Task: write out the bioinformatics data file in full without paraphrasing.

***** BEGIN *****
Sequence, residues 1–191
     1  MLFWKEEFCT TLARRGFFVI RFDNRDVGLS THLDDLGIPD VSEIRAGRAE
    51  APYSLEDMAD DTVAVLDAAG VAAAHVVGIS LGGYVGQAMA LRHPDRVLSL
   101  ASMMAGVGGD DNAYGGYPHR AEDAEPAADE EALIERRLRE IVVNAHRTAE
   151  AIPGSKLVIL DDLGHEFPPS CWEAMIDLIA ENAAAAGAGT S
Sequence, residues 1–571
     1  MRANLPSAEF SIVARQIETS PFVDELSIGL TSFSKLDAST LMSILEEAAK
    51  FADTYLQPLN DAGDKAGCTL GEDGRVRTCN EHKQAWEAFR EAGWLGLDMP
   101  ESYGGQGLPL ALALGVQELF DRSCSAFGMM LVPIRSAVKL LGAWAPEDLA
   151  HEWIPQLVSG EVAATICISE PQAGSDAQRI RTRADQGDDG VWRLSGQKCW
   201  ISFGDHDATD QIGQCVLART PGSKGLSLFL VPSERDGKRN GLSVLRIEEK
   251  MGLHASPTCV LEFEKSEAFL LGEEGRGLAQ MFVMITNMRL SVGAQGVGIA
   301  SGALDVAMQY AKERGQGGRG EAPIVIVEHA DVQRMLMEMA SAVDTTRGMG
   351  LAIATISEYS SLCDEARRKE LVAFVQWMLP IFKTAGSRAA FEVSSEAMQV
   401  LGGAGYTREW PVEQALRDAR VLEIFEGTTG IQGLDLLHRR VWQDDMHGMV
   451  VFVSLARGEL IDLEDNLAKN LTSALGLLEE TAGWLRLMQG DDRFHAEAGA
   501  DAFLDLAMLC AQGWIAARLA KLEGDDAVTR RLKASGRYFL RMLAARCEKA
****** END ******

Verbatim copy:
Sequence, residues 1–191
     1  MLFWKEEFCT TLARRGFFVI RFDNRDVGLS THLDDLGIPD VSEIRAGRAE
    51  APYSLEDMAD DTVAVLDAAG VAAAHVVGIS LGGYVGQAMA LRHPDRVLSL
   101  ASMMAGVGGD DNAYGGYPHR AEDAEPAADE EALIERRLRE IVVNAHRTAE
   151  AIPGSKLVIL DDLGHEFPPS CWEAMIDLIA ENAAAAGAGT S
Sequence, residues 1–571
     1  MRANLPSAEF SIVARQIETS PFVDELSIGL TSFSKLDAST LMSILEEAAK
    51  FADTYLQPLN DAGDKAGCTL GEDGRVRTCN EHKQAWEAFR EAGWLGLDMP
   101  ESYGGQGLPL ALALGVQELF DRSCSAFGMM LVPIRSAVKL LGAWAPEDLA
   151  HEWIPQLVSG EVAATICISE PQAGSDAQRI RTRADQGDDG VWRLSGQKCW
   201  ISFGDHDATD QIGQCVLART PGSKGLSLFL VPSERDGKRN GLSVLRIEEK
   251  MGLHASPTCV LEFEKSEAFL LGEEGRGLAQ MFVMITNMRL SVGAQGVGIA
   301  SGALDVAMQY AKERGQGGRG EAPIVIVEHA DVQRMLMEMA SAVDTTRGMG
   351  LAIATISEYS SLCDEARRKE LVAFVQWMLP IFKTAGSRAA FEVSSEAMQV
   401  LGGAGYTREW PVEQALRDAR VLEIFEGTTG IQGLDLLHRR VWQDDMHGMV
   451  VFVSLARGEL IDLEDNLAKN LTSALGLLEE TAGWLRLMQG DDRFHAEAGA
   501  DAFLDLAMLC AQGWIAARLA KLEGDDAVTR RLKASGRYFL RMLAARCEKA